Open Letter From Archbishop John Nienstedt Regarding Clarance Vavra (MN, USA)

Roman Catholic Archdiocese of St. Paul and Minneapolis

Date: Monday, November 11, 2013

Source: Most Reverend John C. Nienstedt

Clarence Vavra, a priest ordained in 1965, was removed from ministry in 2003. We take extremely seriously the concerns and questions about Vavra’s crimes against minors and the archdiocese’s handling of them.

In 1995, Vavra self-reported that he engaged in sexual contact with several young boys and a teenage boy during the time when he worked on the Rosebud Indian Reservation in approximately 1975. Vavra was not removed from ministry at the time for his admitted crimes. Instead, he went to inpatient treatment in 1996 and continued with outpatient treatment thereafter until at least 1998. He was allowed to go back into active ministry under the supervision of other priests until 2003. Vavra also engaged in inappropriate sexual conduct with other adult males during his tenure as an active priest.

After the Charter for the Protection of Children and Young People was promulgated in 2002, Vavra’s status was reevaluated in light of his prior conduct and the archdiocesan Clergy Review Board determined that he had violated the Charter and recommended in May 2003 he be removed from ministry. As a result, Vavra agreed to be removed from all ministry in June 2003.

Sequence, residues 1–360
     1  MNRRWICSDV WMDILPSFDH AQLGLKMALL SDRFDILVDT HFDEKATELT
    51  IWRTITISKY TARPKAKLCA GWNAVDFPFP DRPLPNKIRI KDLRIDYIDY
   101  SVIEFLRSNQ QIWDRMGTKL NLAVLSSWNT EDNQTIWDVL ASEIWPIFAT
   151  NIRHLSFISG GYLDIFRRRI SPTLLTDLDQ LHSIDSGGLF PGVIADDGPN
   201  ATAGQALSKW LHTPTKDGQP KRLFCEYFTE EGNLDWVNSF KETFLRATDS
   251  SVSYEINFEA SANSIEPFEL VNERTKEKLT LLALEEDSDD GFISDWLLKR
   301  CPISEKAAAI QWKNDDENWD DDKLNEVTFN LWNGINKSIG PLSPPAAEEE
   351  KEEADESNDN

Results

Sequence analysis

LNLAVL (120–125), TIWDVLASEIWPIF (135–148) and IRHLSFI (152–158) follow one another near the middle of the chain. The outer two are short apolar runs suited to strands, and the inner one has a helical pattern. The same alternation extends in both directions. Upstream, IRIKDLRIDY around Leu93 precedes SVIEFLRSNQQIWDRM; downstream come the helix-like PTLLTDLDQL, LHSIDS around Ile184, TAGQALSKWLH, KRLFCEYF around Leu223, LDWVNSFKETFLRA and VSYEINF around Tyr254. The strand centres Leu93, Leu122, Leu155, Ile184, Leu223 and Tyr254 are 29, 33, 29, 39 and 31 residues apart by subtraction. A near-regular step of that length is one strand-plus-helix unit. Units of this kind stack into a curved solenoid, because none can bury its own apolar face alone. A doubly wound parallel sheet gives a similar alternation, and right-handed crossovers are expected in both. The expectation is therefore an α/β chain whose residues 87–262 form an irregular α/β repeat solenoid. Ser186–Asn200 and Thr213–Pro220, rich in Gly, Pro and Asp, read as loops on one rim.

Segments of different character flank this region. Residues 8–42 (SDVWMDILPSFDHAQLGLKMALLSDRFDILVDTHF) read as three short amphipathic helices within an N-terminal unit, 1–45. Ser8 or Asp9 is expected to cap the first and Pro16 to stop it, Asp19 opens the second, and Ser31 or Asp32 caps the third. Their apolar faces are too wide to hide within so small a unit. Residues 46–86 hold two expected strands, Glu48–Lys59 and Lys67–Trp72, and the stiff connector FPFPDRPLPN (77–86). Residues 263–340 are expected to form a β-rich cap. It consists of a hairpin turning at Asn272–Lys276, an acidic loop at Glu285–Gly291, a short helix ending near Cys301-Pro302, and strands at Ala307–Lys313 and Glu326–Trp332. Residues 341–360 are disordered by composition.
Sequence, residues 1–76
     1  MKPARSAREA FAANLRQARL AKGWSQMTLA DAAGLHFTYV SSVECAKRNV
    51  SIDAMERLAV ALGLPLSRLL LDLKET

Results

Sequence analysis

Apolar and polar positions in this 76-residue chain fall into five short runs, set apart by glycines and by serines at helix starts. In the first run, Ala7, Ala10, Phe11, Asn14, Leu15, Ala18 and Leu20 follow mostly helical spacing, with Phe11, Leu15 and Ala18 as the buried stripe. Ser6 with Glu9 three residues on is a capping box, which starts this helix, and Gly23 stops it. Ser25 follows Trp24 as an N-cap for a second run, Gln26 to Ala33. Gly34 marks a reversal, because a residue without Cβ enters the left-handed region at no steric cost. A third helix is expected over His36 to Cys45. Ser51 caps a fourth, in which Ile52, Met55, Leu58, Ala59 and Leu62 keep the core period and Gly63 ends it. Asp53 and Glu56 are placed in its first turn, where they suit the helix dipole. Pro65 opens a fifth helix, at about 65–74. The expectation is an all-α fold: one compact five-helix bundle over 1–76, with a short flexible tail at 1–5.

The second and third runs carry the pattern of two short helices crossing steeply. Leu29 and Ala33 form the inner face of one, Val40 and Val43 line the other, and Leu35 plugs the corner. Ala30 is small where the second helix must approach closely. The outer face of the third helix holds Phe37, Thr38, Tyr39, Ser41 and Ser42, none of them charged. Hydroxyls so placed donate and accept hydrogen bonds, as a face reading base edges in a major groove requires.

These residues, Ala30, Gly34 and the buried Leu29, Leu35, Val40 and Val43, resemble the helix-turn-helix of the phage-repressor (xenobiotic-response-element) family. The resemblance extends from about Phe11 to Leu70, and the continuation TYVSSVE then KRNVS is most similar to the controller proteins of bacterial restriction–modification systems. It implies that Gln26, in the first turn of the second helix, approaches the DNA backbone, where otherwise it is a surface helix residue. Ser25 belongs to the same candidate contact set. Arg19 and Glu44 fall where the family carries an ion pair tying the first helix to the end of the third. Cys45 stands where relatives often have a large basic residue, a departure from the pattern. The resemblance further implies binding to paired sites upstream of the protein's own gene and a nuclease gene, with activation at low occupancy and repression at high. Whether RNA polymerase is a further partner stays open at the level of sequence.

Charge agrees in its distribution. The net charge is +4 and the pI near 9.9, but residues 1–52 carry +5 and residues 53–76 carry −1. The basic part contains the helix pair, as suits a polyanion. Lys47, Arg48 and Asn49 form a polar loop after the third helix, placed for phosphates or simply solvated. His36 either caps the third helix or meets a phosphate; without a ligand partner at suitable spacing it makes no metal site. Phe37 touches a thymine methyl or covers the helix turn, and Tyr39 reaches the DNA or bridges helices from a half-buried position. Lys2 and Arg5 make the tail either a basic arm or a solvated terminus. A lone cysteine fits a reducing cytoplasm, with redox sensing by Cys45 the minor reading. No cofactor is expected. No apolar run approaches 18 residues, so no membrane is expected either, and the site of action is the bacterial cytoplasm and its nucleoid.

Clarence Vavra not only violated his victims and their families, he violated his sacred trust as a priest and he deeply offended his fellow clergy and the laity. Serious errors were made by the archdiocese in dealing with him. In the spirit of offering him a path to healing and redemption, too much trust was placed in the hope of remedying Vavra’s egregious behaviors. Not enough effort was made to identify and care for his victims. Under our standards today, Vavra should have been removed permanently from ministry when he openly admitted his crimes and the civil authorities should have been notified immediately.

Further, after Vavra was removed from ministry, he received a transitional support payment of $650 per month that should have been made only until he reached eligibility for retirement benefits, but instead continued until 2012. As soon as these payment errors were discovered as part of an audit process, they were stopped and have not been reinstated.



About these ads